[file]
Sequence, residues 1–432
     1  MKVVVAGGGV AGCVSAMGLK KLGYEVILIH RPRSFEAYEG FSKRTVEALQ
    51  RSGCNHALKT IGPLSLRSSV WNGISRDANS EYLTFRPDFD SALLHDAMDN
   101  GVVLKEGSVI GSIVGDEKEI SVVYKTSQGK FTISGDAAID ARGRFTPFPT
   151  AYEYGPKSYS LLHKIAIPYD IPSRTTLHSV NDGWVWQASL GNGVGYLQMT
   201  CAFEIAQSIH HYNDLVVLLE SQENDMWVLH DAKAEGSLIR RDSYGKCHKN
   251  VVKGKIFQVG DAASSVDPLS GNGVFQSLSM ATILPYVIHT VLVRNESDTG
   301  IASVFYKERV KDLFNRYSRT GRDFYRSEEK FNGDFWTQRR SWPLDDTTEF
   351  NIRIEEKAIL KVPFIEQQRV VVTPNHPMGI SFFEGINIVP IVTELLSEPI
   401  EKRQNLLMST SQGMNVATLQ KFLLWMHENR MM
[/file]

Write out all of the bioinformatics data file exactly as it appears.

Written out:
Sequence, residues 1–432
     1  MKVVVAGGGV AGCVSAMGLK KLGYEVILIH RPRSFEAYEG FSKRTVEALQ
    51  RSGCNHALKT IGPLSLRSSV WNGISRDANS EYLTFRPDFD SALLHDAMDN
   101  GVVLKEGSVI GSIVGDEKEI SVVYKTSQGK FTISGDAAID ARGRFTPFPT
   151  AYEYGPKSYS LLHKIAIPYD IPSRTTLHSV NDGWVWQASL GNGVGYLQMT
   201  CAFEIAQSIH HYNDLVVLLE SQENDMWVLH DAKAEGSLIR RDSYGKCHKN
   251  VVKGKIFQVG DAASSVDPLS GNGVFQSLSM ATILPYVIHT VLVRNESDTG
   301  IASVFYKERV KDLFNRYSRT GRDFYRSEEK FNGDFWTQRR SWPLDDTTEF
   351  NIRIEEKAIL KVPFIEQQRV VVTPNHPMGI SFFEGINIVP IVTELLSEPI
   401  EKRQNLLMST SQGMNVATLQ KFLLWMHENR MM